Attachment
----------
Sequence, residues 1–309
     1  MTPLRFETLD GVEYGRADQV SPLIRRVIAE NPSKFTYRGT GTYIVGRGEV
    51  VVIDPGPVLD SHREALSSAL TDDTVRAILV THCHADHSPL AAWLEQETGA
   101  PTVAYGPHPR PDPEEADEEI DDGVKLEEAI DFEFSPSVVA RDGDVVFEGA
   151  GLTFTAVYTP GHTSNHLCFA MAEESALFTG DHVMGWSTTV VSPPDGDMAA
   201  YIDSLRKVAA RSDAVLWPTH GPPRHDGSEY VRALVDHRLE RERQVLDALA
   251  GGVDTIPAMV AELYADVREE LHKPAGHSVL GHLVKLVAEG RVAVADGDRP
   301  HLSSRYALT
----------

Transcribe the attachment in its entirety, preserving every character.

Sequence, residues 1–309
     1  MTPLRFETLD GVEYGRADQV SPLIRRVIAE NPSKFTYRGT GTYIVGRGEV
    51  VVIDPGPVLD SHREALSSAL TDDTVRAILV THCHADHSPL AAWLEQETGA
   101  PTVAYGPHPR PDPEEADEEI DDGVKLEEAI DFEFSPSVVA RDGDVVFEGA
   151  GLTFTAVYTP GHTSNHLCFA MAEESALFTG DHVMGWSTTV VSPPDGDMAA
   201  YIDSLRKVAA RSDAVLWPTH GPPRHDGSEY VRALVDHRLE RERQVLDALA
   251  GGVDTIPAMV AELYADVREE LHKPAGHSVL GHLVKLVAEG RVAVADGDRP
   301  HLSSRYALT